Charlie’s Brownies

See his site and menu here:

Los Angeles is full of many Hollywood hopefuls. There’s no shortage of jokes about all the young people who arrive everyday, bright eyes gleaming in the presence of the spotlights. But for the young people who’ve spent their whole lives here with the industry in their backyard, the spotlights hold no value. They spend their days looking for new, innovative ways to stand out. Charlie Fyffe is no exception as he has baked his way to some of the hottest events in Hollywood at the age of 23.

Edge: What made you start a brownie company of all things?

Charlie: It kind of started organically. In high school I was selling Gatorade and candy. I was that hustler kid. I would bring my cooler to school and I would sit on Bro Row and that was the area where all the black kids would sit at my private all boys’ school. I was on the Varsity basketball squad and we had a potluck for the team, I brought brownies and they got devoured. So along with my Gatorade and my candy, I started bringing brownies to sell, they were $1 a piece…you didn’t have to wait in line. People started calling me Charlie Brown, so it kind of started there. I was actually making good money in high school. With the nickname and the products I was making from scratch it kind of developed itself into a company. My mom bought me stickers with “Charlie’s Brownies” on it and from there it became this brand. That’s when I realized it could be something legit.

Edge: Once you saw the potential how did you take it to the next level?

Charlie: In college I got a contract with my school to sale them in the cafeteria. I was actually paying my rent by selling my brownies full time. I had to learn business in order to keep doing this. I was learning business with something that was a live and working. It officially started when I was 15 but in terms of a company, it really became a big deal when I was a junior in college because I had to make a certain amount and supply them to the school because I was under contract. I was making 96 brownie bites a day. On weekends I would deliver boxes for events, so during Thursday and Fridays I would bake 3-4 pans for the weekend business.

Edge: What’s been the coolest thing that has happened with your business venture thus far?

Charlie: I hang out with a lot of entrepreneurs and I know a lot of people who aren’t entrepreneurs. The difference in lifestyle, there are people I know who have actual jobs and they make a lot more than I do right now but the projections are a lot different of what I will ultimately make. And they’re not as happy as I am. I get to make all of my own decisions. It’s all based on my own efforts and not based on what someone is willing to pay me. The lifestyle is just different. And I’m not talking about lifestyle in terms of cars and chains and cash flow. I mean just the mentality, the freedom, and the creative ability.



Edge: What’s the most important thing you’ve learned about business?

Charlie: I have this nickname, Charlie Hustle. It’s the competition. The business world is its own jungle. There are other companies out there that essentially are trying to offer the same thing that I offer. You’re only going to succeed if you can outwork others, if you can stay focus and not get distracted and put all of your love into your product. Business takes a good amount of hustle, going beyond 9-5. It’s doing whatever needs to be done in order to get it done.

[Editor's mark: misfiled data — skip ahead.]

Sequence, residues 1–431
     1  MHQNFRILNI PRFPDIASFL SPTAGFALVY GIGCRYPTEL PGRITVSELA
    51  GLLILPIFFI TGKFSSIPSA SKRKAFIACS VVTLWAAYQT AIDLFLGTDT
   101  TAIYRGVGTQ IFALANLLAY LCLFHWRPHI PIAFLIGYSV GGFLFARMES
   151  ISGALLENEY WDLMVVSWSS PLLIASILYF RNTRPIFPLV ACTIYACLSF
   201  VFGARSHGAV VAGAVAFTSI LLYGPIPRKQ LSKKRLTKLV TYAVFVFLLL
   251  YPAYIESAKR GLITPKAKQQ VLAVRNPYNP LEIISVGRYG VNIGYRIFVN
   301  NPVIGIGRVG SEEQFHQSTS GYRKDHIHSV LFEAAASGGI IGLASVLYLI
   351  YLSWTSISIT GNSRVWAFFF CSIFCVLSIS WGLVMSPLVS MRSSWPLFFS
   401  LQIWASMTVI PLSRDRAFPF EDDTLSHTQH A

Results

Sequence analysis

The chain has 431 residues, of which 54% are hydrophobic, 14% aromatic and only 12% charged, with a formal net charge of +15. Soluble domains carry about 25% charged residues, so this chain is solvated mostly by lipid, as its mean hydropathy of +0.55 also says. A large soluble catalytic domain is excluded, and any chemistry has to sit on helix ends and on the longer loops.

Edge: Where do you see your business in the next 5 years?

Charlie: I see it as a product that a lot of people are familiar with, love and have access to. I have a decent fan base but I want my product to be accessible. For example, I have a vegan line of products coming out and I want people to just be able to go in to Whole Foods and get them. I have a huge vision, a global vision but I want to start right here first. I wan to focus on LA and be in Santa Monica, Hollywood, South Central and the Valley. I want to be in stores, I want to be in coffee shops. I want to be at the all of the hot events. I want it to be known that C’s B’s are coming through I want it to be premiere. I come with all these fancy chocolates and people just love it.

Edge: Tell me what makes a good brownie.

Charlie: Well I can tell you how I make my brownies. Brownies range form very fluffy to cookie like to very fudgy and dense. Most brownies that you find are a little more on the dense chocolate side and have a lot of sugar. Brownies are branded as being heavy and treadmill food. My brownies are a little bit toned down. As more people become more health conscious and closer to vegan, their taste palettes are changing. My brownies being classier and being in that more conscious vibe, id designed lighter. It’s not fat free but it’s not super high in sugar. I do use certain ingredients like Chardonnay infused sea salts and different things to contrast the sugars that are in it so that it creates a pop. You feel it in your buds. A lot of women eat it and they say, “oh that wasn’t heavy, I want another one”. I serve bites, so they’re good for having around the house and at events. If people sit down and eat one they are going to finish it. That’s what I think makes a good brownie. Not everyone will agree.


interview by: iman n. milner

Photos by: Ashley Nguyen


To buy this story in PRINT Click the link below!

Edge Magazine: Spring 2012 Vol. 4

By Edge Magazine in Edge Magazine

40 pages, published 1 MAR 2012

In depth interviews and Photo shoots with the following, among many more:LeToya Luckett, Christian Keyes, Brian White, Tiffany Evans, Stacy Barthe, Issa Rae, Baiyu, Myles Cleveland, Mateo, He Say/ She Say: Love and Relationships His & Hers Style

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